Josh P. Miller
I am known to go the cheap route whenever possible, so while learning to cook sous vide I have to admit I eyed my Ziploc bags and wondered what would happen if I replaced vacuum-sealed bags for resealable ones.
They seal out air and they are made from thick plastic. They should work in a snap, right?
Many people say that Ziploc works great. I have to agree since I have never had any problems with using Ziploc bags, either. They didn’t melt, I didn’t die and nothing caught on fire. Still, I had nagging questions.
Too much air?
Some believe that ziploc bags don’t remove all of the air resulting in less penetration of any marinades and — worse — bacteria growth in the food while it’s cooking. Is it true?
Probably not. Research has found that it is the temperature you cook and store the food at that prevents bacteria growth, not the vacuum sealing. Plus, if you want to get all of the air out of the bag without a vacuum sealer you can use the Water Displacement Method to get the best results. Here’s how:
Fill up your vessel with water.
Fill your Ziploc bag with the ingredients and close the zipper almost all of the way.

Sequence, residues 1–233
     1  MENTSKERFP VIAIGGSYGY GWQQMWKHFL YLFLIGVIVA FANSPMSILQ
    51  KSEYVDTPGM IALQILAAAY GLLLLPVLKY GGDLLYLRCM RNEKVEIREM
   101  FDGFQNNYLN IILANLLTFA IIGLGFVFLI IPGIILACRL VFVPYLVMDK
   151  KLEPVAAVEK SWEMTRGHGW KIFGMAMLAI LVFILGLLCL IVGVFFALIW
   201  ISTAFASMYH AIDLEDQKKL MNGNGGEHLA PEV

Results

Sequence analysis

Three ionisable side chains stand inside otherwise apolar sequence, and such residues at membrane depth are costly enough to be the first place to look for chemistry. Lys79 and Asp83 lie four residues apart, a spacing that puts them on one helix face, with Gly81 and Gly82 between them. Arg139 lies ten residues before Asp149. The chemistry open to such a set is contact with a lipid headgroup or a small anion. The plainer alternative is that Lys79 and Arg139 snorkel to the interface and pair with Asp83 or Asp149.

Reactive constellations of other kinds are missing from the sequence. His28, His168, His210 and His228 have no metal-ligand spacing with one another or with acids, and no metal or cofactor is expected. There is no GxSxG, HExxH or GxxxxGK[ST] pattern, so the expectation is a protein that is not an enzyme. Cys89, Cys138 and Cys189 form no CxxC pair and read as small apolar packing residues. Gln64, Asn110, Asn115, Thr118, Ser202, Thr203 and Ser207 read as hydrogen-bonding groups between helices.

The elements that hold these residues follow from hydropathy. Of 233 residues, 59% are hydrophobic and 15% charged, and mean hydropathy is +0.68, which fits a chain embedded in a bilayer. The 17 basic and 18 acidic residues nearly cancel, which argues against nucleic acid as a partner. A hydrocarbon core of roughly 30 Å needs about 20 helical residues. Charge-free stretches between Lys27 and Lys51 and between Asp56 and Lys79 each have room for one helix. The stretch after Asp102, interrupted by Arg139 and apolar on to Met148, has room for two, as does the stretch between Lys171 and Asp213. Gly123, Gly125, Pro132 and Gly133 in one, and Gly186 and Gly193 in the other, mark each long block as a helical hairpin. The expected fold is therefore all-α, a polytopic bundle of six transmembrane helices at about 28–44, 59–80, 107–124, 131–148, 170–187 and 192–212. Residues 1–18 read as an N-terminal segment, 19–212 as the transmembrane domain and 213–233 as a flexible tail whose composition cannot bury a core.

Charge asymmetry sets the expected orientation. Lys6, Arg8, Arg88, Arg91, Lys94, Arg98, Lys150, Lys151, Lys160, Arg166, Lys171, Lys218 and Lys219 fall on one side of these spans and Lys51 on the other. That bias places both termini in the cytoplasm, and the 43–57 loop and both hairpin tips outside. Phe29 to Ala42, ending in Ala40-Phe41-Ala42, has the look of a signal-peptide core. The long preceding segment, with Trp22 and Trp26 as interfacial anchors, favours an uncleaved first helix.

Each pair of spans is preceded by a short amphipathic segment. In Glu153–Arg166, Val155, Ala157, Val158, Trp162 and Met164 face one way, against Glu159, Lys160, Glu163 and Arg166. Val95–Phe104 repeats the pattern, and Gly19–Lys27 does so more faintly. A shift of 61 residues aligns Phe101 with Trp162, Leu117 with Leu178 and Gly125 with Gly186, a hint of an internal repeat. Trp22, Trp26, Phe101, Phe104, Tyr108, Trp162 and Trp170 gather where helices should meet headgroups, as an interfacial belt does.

Submerge the bag in the water, leaving just the zipper exposed. Pressure from the water will force the air out.
Zipper the bag closed.
As an option, you can use clothespins to clip the zipper to the side of the vessel to prevent it from falling in.
Sous vide tips and recommended tools
Will chemicals leach into the food?
Another worry is that the chemicals from the plastic may leach into the food when heated, since a study and some other research got people to suddenly start pitching their plastic containers in the trash. That may be so, but it isn’t any more likely than with vacuum bags designed for sous vide cooking — they are made out of the exact same kind of plastic.
To be on the safe side, stay away from any plastic baggie made with polyvinyl chloride (PVC). A little research on the company’s website should tell you what the bags are made of. High-density polyethylene, low-density polyethylene and polypropylene are the safest plastics to cook with. Thankfully, that’s what Ziploc bags and most other zippered bags are made of.